How often is it that you come across a crime thriller book that you cannot put down till you have read the very last line? That doesn’t happen quite often, right?
The pain of having turned the pages through half of the book and still not getting the feeling of thrill, enjoyment, and suspense is something that I have borne for long.
Everyone is sailing in the same sinking ship, I guess. But, the savior is finally here. Murder in a Minute by Shouvik Bhattacharya is a suspense thriller so good that you cannot resist reading it in one go.
It is so much suspense and thrill and such a solid storyline that it should be made into a movie. Anurag Kashyap, if you are reading this, please make a Bollywood Blockbuster on it.
There are crime thrillers, there are detective novels, and then there is Murder in a Minute. It is racy. Full of suspense. Each and word is gripping.
And it counters one of the biggest woes that one finds in suspense fiction. Halfway down the book, you know the secret or suspense. You know who the murderer is. You have already solved the mystery.
Not in this book, though. Shouvik keeps you guessing till the very last line.
And in this book review, I will not tell you to go and read the book. Because I am sure, you won’t need the push. Once you know what’s in store, you won’t be able to resist reading.
Introduction to the Author – Shouvik Bhattacharya
Shouvik Bhattacharya is a Data and Analytics Lead at GE Aviation. He is a management graduate from S.P. Jain, Mumbai, and he designs high-end analytical software.
The software he designs makes aircraft fly and the crime thriller novel that he wrote flew off the shelves soon enough. The author of the bestseller, “Murder in a Minute,” Shouvik is a man who doesn’t shy away from doing what he loves.
He loves his day job, and he is great at it. He loves writing and that’s how he had written a novel that has made a home in its reader’s hearts.
And you can spot in a Bangalore café, reading a book. Or maybe you’ll find him cheering for Manchester United in nail-biting matches.
He has become a critic and fan favorite with his first novel. The world awaits more of his prolific writing and charismatic storytelling.
Murder in a Minute Book Review
Want a simple one-line book review for Murder in a Minute? Here it goes:
“If I could make one wish right now, it would be to get a sequel to Murder in a Minute today.”
That is exactly what I thought when I read the last line.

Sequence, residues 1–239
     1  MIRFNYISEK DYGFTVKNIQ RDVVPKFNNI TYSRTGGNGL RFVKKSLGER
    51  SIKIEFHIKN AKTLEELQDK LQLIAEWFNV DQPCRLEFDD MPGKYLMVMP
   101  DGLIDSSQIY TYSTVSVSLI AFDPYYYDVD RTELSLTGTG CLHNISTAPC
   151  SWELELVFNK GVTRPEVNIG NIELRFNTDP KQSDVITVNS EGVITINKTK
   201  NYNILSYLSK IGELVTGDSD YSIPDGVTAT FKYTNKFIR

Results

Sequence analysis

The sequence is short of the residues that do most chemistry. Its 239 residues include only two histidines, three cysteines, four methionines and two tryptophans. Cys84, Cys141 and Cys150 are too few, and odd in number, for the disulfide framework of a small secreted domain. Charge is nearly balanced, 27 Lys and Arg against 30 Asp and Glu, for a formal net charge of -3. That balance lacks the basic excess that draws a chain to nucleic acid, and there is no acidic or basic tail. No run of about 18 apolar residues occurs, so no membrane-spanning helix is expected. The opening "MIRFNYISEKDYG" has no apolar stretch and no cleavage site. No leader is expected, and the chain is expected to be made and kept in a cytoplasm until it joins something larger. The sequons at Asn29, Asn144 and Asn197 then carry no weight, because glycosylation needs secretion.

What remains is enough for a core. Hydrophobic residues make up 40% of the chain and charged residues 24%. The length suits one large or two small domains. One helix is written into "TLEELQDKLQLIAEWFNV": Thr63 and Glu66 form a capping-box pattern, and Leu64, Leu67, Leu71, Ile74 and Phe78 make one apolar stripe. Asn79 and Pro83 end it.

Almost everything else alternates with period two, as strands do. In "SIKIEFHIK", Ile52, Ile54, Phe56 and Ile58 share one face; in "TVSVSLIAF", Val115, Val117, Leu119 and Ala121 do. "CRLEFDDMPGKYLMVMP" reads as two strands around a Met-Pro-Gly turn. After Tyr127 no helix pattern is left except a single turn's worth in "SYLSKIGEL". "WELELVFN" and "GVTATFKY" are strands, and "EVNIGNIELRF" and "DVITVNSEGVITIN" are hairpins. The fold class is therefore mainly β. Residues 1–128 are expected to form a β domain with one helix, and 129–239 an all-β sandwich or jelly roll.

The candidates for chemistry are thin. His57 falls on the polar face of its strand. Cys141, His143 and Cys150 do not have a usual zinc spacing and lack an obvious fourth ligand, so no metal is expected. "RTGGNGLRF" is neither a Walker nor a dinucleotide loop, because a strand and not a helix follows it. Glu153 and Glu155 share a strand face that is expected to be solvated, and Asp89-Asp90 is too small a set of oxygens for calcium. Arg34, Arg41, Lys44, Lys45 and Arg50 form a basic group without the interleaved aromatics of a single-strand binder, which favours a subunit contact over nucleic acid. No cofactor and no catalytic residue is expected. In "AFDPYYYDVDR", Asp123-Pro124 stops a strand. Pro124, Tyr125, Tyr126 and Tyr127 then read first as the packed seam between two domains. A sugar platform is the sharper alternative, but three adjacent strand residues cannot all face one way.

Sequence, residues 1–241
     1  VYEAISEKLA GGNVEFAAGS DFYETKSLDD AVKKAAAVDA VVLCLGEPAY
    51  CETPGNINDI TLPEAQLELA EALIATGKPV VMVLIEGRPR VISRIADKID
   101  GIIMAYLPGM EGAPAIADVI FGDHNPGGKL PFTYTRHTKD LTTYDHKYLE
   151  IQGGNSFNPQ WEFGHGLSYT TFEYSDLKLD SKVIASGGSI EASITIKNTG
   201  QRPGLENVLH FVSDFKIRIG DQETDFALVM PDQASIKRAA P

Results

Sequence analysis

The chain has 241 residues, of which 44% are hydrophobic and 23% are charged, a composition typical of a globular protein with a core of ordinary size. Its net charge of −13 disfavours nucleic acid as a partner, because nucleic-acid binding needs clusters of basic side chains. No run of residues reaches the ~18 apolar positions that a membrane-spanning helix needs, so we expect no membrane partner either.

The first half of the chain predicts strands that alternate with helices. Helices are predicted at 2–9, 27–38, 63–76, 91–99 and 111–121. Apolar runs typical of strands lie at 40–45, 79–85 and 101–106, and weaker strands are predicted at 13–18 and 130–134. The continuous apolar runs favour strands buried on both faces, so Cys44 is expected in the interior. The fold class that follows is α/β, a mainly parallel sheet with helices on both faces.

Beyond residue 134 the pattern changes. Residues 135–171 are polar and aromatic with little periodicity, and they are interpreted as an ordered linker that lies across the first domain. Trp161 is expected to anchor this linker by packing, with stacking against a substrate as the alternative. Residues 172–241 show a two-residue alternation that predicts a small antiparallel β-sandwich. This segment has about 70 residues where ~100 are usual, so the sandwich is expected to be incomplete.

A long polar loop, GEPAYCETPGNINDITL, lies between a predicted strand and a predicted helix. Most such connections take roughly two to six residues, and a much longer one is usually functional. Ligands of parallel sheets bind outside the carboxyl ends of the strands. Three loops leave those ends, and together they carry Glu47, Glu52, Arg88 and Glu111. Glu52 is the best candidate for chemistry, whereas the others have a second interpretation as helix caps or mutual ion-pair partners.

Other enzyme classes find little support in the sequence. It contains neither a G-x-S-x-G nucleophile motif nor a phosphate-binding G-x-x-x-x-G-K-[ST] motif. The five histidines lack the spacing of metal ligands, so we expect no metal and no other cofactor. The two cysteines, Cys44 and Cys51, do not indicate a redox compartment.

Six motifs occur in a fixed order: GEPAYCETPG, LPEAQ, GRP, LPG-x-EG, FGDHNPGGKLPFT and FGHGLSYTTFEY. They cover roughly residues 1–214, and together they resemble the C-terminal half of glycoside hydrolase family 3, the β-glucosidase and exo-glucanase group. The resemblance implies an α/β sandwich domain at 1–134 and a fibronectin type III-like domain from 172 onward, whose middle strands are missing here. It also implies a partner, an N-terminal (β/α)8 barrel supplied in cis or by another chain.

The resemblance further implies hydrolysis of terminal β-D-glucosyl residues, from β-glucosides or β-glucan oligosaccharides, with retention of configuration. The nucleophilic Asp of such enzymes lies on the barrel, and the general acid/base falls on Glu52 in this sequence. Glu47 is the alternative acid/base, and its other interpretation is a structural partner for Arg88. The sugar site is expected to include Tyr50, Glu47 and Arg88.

It is a murder mystery. The murder is revealed in the end. And yet, you want more. It is one of those stories that you don’t want an end for. You want it to go on because you cannot stop thinking about it.
Esha Arora is the head of Arora Cements. She is an adopted child. Talented, beautiful, loving. At first glance, there is no way anyone could have murdered her.
And yet she lies in the pool of her blood, in her own house. As the story progresses, every suspect has a motive. The ineffective small-town cop, Inspector Rashid, doesn’t do much to solve the mystery.
But Esha’s loving brothers Rishabh and Arya take every step to find the murder. There are nine suspects in the story—each one with their backstory.
Rashmi and Pranav, Esha’s step-siblings from her father’s first marriage. There are Rishabh and Arya, Esha’s brothers, from her father’s second marriage.
Then there is Mr.Dhruv, from the rival company and Naina, the over-ambitious accountant. Anubhav, Esha’s lover, is also on the radar. And the housemaids Jyoti and Meera have their own side stories too.
And the suspense of finding the murderer is not the only thing you’ll find in the book. The book touches on almost every aspect of human life. Love, longing, money, power, trust, betrayal, jealousy and survival instincts.
You name the emotion, and you’ll find it in Murder in a Minute. There is absolutely nothing not to like. It keeps you hooked from first-line till the last line.
The Storyline of Murder in a Minute
There is this one thing about Indian households that everyone is involved in everyone’s lives. There are hardly any boundaries. The lives of the characters in Murder in a Minute are so inseparably intertwined. It becomes impossible to know one without knowing the other.
It is not just Esha Arora’s life and murder that the Murder in a Minute is all about. This story is much more than that. The story revolves around multiple characters and gives them equal space.
For most authors, managing multiple storylines is a task. And Shouvik Bhattacharya has done it so effortlessly, in his first attempt itself. Also, he has kept the page count low.
In just 230 pages, he shows you ten lives. And not one of them seems to be missing an element. It is both surprising and fascinating how he manages to say so much in so less.
The storyline is beautiful, carefully plotted, and written in a way that can be called “perfect,” if not more. There are twists and turns, and there are beautiful moments, there are highs and lows.
The speed of reading is maintained throughout. There are no dull moments, no unnecessary details. The story has no loose ends and no lack of story development either.
The book justifies its thriller and suspense genre and yet doesn’t lack on any other grounds. It is a love story, it is a story about siblings and the emotions that they share, and it is a story about crude business people and the struggle for power and longing for love.
Before reading Murder in a Minute, I honestly didn’t feel it was possible to offer so much in a book.